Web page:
When a patient receives acute hospital-level care at home (home hospital), is the use of remote physician visits noninferior to in-home physician visits in terms of safety and patient experience?
In this 2-site randomized clinical trial of 172 patients, the mean adverse event count was 6.8 per 100 patients for patients receiving remote care vs 3.9 per 100 patients for control patients, for a difference of 2.8, supporting noninferiority, although 19% of patients receiving remote care required in-home physician visits. Patient experience was noninferior.
In this study, remote physician visits were noninferior to in-home physician visits during home hospital care for adverse events and patient experience, although in-home physician care was necessary to support 1 in 5 patients receiving remote care.
Home hospital care is the substitutive provision of home-based acute care services usually associated with a traditional inpatient hospital. Many home hospital models require a physician to see patients at home daily, which may hinder scalability. Whether remote physician visits can safely substitute for most in-home visits is unknown.
To compare remote and in-home physician care.
Design, Setting, and Participants
This randomized clinical trial assessed 172 adult patients at an academic medical center and community hospital who required hospital-level care for select acute conditions, including infection, heart failure, chronic obstructive pulmonary disease, and asthma, between August 3, 2019, and March 26, 2020; follow-up ended April 26, 2020.
All patients received acute care at home, including in-home nurse or paramedic visits, intravenous medications, remote monitoring, and point-of-care testing. Patients were randomized to receive physician care remotely (initial in-home visit followed by daily video visit facilitated by the home hospital nurse) vs in-home care (daily in-home physician visit). In the remote care group, the physician could choose to see the patient at home beyond the first visit if it was felt to be medically necessary.
Main Outcomes and Measures
The primary outcome was the number of adverse events, compared using multivariable Poisson regression at a noninferiority threshold of 10 events per 100 patients. Adverse events included a fall, pressure injury, and delirium. Secondary outcomes included the Picker Patient Experience Questionnaire 15 score (scale of 0-15, with 0 indicating worst patient experience and 15 indicating best patient experience) and 30-day readmission rates.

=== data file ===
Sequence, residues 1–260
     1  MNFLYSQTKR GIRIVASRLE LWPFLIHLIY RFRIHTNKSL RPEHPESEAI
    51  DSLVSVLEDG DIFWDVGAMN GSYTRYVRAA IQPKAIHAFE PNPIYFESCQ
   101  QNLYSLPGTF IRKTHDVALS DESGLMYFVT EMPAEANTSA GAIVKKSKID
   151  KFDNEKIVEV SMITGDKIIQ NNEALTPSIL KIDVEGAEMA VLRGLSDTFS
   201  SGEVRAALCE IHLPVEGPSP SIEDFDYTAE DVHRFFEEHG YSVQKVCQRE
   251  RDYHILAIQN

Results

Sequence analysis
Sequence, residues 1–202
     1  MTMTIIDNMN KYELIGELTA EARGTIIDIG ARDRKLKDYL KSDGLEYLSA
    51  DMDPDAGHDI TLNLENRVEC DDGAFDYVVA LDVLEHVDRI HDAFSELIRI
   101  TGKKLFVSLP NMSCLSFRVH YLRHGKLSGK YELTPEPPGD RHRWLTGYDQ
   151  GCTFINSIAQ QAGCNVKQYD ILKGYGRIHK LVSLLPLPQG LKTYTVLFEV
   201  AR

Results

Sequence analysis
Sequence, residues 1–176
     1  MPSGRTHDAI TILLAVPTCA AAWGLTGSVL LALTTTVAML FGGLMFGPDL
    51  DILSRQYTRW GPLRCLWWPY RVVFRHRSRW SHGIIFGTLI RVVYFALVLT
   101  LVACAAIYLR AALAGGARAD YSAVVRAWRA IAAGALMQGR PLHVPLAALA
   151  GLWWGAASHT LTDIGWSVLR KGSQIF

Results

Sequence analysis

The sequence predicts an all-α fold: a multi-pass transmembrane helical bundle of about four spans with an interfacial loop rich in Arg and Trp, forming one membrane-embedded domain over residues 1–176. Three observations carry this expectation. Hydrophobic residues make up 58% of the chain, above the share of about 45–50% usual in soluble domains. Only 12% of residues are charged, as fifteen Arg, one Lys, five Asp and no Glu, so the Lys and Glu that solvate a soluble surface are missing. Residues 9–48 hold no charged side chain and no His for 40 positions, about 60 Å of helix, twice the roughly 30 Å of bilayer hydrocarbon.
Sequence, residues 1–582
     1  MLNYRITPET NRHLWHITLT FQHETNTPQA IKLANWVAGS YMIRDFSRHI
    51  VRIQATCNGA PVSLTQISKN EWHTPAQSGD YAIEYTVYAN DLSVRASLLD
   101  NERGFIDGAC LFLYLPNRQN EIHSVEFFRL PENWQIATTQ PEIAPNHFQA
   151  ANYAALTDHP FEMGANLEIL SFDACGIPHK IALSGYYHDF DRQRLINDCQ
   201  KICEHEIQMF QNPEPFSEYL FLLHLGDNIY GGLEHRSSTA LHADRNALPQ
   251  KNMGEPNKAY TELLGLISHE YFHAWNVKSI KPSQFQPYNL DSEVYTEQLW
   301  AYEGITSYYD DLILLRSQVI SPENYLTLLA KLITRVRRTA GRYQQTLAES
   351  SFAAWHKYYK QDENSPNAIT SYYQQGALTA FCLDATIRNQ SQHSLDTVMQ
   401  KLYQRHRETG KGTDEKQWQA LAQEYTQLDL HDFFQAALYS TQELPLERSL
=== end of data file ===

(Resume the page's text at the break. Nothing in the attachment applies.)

A total of 172 patients (84 receiving remote care and 88 receiving in-home physician care [control group]) were randomized; enrollment was terminated early because of COVID-19. The mean (SD) age was 69.3 (18.0) years, 97 patients (56.4%) were female, 77 (45.0%) were White, and 42 (24.4%) lived alone. Mean adjusted adverse event count was 6.8 per 100 patients for remote care patients vs 3.9 per 100 patients for control patients, for a difference of 2.8 (95% CI, –3.3 to 8.9), supporting noninferiority. For remote care vs control patients, the mean adjusted Picker Patient Experience Questionnaire 15 score difference was −0.22 (95% CI, −1.00 to 0.56), supporting noninferiority. The mean adjusted 30-day readmission absolute rate difference was 2.28% (95% CI, –3.23% to 7.79%), which was inconclusive. Of patients in the remote group, 16 (19.0%) required in-home visits beyond the first visit.
Conclusions and Relevance
In this study, remote physician visits were noninferior to in-home physician visits during home hospital care for adverse events and patient experience, although in-home physician care was necessary to support many patients receiving remote care. Our findings may allow for a more efficient, scalable home hospital approach but require further research.
ClinicalTrials.gov Identifier: NCT04080570
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CME Disclosure Statement: Unless noted, all individuals in control of content reported no relevant financial relationships. If applicable, all relevant financial relationships have been mitigated.
Accepted for Publication: July 9, 2022.
Published: August 30, 2022. doi:10.1001/jamanetworkopen.2022.29067
Open Access: This is an open access article distributed under the terms of the CC-BY License. © 2022 Levine DM et al. JAMA Network Open.
Corresponding Author: David M. Levine, MD, MPH, MA, Division of General Internal Medicine and Primary Care, Brigham and Women’s Hospital, 1620 Tremont St, Third Floor, Boston, MA 02120 (email@example.com).
Author Contributions: Dr Levine had full access to all the data in the study and takes responsibility for the integrity of the data and the accuracy of the data analysis.
Concept and design: Levine, Morris, Schnipper.
Acquisition, analysis, or interpretation of data: Levine, Paz, Burke, Beaumont, Boxer, Britton, Orav, Schnipper.
Drafting of the manuscript: Levine.
Critical revision of the manuscript for important intellectual content: All authors.
Statistical analysis: Levine, Orav.
Administrative, technical, or material support: Levine, Paz, Burke, Beaumont, Boxer, Morris, Britton.
Supervision: Morris, Schnipper.
Conflict of Interest Disclosures: Dr Levine reported receiving grants from Biofourmis and IBM and personal fees from The MetroHealth System outside the submitted work. Dr Morris reported providing US government expert testimony outside the submitted work. Dr Schnipper reported receiving personal fees from the American Society of Health-System Pharmacists to create an online course on medication history-taking outside the submitted work. No other disclosures were reported.
Data Sharing Statement: See Supplement 3.
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